We woke to him frantically rustling the newspaper, scouring the listings for any mechanics that could fix it. We could hear him on the phone pressing for answers as we pretended to sleep, which was limited by our anxiety as we listened intently for a hint of positive tone in his voice.
He left us to go into town, we guessed to try and improve our dilemma, but not before asking us to weed his garden! After he’d got a quick video, probably to show his mates, he set off. We had no problems as we saw it as a ‘you scratch my back’ situation so we spent the next hour pulling plants out of the ground in the sweltering heat. He returned a happy man saying “horror-show”, which was a bit perplexing. It was only later we learnt “horror-show” (phonetically) means “very good” in Kazakhstan. Whether it was because his garden was immaculate or he’d made progress with the ambulance is still a mystery.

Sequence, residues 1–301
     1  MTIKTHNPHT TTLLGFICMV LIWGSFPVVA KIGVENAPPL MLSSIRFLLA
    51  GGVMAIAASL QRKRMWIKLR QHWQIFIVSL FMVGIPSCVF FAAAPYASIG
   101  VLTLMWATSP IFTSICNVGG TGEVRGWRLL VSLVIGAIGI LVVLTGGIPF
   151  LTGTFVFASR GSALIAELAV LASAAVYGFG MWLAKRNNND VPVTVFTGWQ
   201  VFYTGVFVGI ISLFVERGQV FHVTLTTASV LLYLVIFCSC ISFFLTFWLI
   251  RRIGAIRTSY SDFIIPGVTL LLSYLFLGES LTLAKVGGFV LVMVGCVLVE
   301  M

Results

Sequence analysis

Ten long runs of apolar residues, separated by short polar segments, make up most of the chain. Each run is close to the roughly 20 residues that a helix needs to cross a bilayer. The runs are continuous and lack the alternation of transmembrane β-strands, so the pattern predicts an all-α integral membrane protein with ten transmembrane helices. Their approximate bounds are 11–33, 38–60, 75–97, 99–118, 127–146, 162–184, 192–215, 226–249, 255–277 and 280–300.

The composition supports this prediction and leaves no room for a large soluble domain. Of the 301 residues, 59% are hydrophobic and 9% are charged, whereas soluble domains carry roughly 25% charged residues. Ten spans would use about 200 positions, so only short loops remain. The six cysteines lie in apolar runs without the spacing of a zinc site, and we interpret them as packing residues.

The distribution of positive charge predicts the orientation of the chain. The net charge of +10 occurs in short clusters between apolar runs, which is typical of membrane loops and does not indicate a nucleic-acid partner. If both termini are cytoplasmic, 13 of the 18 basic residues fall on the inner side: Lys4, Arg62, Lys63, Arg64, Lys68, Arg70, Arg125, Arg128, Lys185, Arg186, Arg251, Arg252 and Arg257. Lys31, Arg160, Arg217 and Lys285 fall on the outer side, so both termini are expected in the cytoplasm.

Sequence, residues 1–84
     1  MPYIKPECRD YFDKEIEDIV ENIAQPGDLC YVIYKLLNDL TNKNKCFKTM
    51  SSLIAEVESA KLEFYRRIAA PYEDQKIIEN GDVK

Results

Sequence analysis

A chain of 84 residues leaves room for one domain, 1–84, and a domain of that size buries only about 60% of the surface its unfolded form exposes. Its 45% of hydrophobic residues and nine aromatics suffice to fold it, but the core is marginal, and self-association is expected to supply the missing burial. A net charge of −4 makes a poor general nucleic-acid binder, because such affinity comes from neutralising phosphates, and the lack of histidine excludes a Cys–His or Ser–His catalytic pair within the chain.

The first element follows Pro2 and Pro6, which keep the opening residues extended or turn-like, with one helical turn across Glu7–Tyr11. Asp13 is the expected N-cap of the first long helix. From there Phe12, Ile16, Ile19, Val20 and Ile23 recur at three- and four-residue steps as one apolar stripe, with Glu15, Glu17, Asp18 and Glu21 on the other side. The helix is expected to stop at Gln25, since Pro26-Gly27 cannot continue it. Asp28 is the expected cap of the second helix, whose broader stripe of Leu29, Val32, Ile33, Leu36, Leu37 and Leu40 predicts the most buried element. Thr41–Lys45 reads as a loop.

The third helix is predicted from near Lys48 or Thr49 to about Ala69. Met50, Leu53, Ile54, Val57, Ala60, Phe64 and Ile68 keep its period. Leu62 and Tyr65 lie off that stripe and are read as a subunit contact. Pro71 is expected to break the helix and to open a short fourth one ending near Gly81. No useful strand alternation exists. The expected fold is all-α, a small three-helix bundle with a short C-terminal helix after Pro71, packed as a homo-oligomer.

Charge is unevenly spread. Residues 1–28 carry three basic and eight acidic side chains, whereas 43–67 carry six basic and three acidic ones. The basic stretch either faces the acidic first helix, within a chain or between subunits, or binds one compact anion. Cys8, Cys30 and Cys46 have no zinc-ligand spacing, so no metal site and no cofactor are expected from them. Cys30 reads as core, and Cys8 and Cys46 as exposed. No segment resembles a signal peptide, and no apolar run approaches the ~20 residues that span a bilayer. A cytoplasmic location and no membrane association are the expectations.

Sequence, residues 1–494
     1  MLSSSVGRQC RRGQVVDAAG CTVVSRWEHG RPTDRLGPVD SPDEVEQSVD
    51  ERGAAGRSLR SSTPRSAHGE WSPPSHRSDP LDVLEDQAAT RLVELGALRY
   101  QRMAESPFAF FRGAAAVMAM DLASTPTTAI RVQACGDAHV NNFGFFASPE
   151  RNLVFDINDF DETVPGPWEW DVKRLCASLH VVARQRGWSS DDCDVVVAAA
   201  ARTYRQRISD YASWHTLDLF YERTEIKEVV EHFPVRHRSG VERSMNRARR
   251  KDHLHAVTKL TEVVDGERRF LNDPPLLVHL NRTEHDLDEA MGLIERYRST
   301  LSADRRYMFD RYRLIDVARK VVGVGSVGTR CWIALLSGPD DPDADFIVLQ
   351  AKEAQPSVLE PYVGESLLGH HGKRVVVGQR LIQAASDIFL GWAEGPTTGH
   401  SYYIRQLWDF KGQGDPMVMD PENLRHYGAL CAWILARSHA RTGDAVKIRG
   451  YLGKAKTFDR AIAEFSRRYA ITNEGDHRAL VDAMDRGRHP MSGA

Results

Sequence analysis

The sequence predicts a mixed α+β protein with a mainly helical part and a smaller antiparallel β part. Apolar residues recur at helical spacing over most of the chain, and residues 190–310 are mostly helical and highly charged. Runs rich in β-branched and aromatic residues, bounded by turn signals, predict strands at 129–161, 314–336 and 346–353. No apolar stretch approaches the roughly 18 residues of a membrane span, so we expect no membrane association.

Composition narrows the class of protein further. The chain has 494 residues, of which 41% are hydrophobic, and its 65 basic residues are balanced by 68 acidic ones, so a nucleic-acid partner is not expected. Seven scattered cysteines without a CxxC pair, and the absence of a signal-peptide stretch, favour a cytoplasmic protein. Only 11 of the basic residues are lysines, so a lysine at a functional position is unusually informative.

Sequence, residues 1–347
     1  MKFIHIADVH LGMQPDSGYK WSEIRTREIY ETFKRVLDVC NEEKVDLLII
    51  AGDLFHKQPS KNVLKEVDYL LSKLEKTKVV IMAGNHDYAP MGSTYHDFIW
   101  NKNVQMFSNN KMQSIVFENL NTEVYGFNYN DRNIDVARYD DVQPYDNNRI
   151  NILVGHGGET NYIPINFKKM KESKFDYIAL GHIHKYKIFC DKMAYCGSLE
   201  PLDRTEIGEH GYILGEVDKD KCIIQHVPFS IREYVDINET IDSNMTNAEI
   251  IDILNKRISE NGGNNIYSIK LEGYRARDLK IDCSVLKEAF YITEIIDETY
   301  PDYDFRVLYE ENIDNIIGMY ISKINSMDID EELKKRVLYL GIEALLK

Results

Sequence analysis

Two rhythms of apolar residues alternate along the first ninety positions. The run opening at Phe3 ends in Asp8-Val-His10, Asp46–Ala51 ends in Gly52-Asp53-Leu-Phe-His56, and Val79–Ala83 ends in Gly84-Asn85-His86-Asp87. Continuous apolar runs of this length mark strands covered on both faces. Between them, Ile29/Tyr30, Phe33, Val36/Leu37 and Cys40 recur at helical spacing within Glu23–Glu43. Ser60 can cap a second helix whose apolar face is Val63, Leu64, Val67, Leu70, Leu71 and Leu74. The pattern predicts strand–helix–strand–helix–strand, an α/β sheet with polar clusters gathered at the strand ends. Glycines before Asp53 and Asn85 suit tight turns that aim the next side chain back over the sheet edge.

We jumped into his clapped out Opel ready to navigate the potholes and small lakes around the city streets not too sure where we were going. After a nervy journey we pulled up at a Toyota garage…not a very promising sign considering we’d been promised a Renault dealer. While we stewed in the car he negotiated on our behalf, not only at the one garage but 4 more around the city. At each garage we were told there were no Renault parts in Kazakhstan. Unless we were willing to wait for new parts from Europe no-one was willing to take on the work. Even then there was no guarantee the ambulance would last the next 3000 miles. We all had that sinking feeling in our stomach as we pulled up to the last garage our friend knew that might be able to do the work. As he was walking back to the car we knew what the news would be. Thumbs down said it all.